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Universities require letters of recommendation as part of the application process. For some borderline students, solid letters of recommendation can be difficult to get; as a result, some students turn to creating fake recommendation letters to get into college. The organization that tracks and verifies student credentials, the National Student Clearinghouse, does not track fraud, but fraud appears to be on the upswing as more students compete for spots at exclusive universities. Fraud is especially a problem at universities that process a large number of applications, because these schools don't have the time to examine each reference.
Examine the letterhead that the reference was typed on. If the letter did not come on letterhead and it is supposed to be from a school official in high school or college, it is probably not legitimate.
Read the letter. If the letter is from a university or an established businessperson, look at the level of writing. If the writing seems poor and contains a low vocabulary level and errors, the letter is probably not real.
Verify the letter writer's identity online; investigate whether that person is real and works for the organization. If you are unable to find the person online, call the company or school and ask for the reference's contact information. If they have not heard of this person, explain the situation and see if the referrer had ever worked for that company or school. If no records can be found, the reference is false.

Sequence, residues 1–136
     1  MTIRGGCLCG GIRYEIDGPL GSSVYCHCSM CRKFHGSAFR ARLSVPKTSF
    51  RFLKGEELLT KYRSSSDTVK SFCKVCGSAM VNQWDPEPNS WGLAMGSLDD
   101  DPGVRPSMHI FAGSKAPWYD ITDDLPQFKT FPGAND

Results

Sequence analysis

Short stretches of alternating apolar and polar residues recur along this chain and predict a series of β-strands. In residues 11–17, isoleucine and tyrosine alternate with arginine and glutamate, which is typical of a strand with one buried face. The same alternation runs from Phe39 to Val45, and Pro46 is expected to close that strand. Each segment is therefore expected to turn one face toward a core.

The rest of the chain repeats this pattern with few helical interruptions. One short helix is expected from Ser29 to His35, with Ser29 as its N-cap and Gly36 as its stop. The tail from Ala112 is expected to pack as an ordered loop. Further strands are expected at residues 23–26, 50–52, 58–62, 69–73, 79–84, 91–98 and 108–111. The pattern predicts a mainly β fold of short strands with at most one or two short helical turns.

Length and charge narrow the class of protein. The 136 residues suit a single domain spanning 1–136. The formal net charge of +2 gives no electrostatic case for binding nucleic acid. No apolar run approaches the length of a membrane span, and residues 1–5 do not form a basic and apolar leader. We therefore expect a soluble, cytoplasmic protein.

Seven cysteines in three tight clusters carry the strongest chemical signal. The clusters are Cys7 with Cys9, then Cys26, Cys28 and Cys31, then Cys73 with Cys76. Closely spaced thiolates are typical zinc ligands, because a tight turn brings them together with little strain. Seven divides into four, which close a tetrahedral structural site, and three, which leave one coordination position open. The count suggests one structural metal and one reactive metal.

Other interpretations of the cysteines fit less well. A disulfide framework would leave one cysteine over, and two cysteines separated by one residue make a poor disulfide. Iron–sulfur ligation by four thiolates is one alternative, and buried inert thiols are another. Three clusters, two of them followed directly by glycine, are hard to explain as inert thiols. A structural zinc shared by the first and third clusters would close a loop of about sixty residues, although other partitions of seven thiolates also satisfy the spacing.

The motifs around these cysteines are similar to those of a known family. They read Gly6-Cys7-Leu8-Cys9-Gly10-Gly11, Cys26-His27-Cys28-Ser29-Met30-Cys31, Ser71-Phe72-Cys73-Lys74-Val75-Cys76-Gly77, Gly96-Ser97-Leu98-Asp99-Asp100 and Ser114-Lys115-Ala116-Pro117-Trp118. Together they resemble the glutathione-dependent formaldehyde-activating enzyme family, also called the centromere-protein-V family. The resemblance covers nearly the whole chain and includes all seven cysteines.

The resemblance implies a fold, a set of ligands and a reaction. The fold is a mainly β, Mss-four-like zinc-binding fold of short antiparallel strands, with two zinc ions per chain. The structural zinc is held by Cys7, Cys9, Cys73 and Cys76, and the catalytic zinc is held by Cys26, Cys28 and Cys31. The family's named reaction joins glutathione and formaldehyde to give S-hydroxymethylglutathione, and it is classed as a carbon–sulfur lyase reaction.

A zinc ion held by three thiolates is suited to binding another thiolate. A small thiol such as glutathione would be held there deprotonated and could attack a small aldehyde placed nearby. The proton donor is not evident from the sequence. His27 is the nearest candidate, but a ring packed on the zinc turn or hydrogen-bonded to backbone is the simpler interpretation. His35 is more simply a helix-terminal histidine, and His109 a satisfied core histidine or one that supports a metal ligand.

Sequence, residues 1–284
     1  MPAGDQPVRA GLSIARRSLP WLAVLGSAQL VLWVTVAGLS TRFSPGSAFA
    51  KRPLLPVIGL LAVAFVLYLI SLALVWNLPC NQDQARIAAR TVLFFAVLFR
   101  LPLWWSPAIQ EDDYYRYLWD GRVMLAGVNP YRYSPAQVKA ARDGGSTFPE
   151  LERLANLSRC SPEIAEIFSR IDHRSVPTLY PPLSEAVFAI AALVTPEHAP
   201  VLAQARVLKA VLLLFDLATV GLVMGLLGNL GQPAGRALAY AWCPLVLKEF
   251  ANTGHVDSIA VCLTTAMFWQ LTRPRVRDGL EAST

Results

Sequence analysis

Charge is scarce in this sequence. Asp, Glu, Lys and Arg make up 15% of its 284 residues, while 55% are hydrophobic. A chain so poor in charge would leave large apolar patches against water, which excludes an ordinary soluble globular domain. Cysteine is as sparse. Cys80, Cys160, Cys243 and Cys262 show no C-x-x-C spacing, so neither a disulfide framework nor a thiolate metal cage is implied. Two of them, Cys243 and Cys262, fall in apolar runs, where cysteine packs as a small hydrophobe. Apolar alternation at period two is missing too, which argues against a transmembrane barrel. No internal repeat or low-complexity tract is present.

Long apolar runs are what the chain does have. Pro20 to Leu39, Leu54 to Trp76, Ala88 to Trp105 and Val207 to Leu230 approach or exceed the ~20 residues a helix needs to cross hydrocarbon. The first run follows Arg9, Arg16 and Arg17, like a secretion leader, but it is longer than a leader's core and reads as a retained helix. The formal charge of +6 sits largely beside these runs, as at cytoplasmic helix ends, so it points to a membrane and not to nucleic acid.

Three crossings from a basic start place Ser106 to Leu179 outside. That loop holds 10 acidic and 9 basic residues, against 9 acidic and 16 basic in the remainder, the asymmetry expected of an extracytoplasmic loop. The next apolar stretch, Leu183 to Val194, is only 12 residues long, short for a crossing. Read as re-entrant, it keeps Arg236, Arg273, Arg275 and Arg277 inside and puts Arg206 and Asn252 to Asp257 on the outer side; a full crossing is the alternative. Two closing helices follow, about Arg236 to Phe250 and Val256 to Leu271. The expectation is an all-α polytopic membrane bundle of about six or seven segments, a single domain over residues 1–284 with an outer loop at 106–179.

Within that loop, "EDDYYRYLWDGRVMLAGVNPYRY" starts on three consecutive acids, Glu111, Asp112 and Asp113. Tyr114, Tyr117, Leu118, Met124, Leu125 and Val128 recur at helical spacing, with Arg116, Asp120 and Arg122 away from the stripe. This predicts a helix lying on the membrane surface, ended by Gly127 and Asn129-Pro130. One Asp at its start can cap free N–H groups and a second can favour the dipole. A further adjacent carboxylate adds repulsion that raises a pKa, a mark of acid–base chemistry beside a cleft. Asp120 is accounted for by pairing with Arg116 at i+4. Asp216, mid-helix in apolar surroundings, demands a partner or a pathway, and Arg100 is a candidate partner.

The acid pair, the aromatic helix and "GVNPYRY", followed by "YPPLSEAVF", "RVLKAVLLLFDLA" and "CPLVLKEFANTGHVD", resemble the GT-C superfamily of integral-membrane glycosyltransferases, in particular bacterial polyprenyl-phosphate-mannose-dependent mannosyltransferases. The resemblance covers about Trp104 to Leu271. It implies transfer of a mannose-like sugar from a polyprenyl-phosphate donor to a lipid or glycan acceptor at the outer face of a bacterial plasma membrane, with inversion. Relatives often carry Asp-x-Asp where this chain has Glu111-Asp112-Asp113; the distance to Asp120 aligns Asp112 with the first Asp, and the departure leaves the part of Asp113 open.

Call the number listed on the letter and ask the person detailed questions about the applicant. The applicant might have written the reference but may not be who he claims to be. Include a few probing questions about his alleged position. If the reference is real, he will be able to respond to your questions promptly and intelligently.
Natalie Smith is a technical writing professor specializing in medical writing localization and food writing. Her work has been published in technical journals, on several prominent cooking and nutrition websites, as well as books and conference proceedings. Smith has won two international research awards for her scholarship in intercultural medical writing, and holds a PhD in technical communication and rhetoric.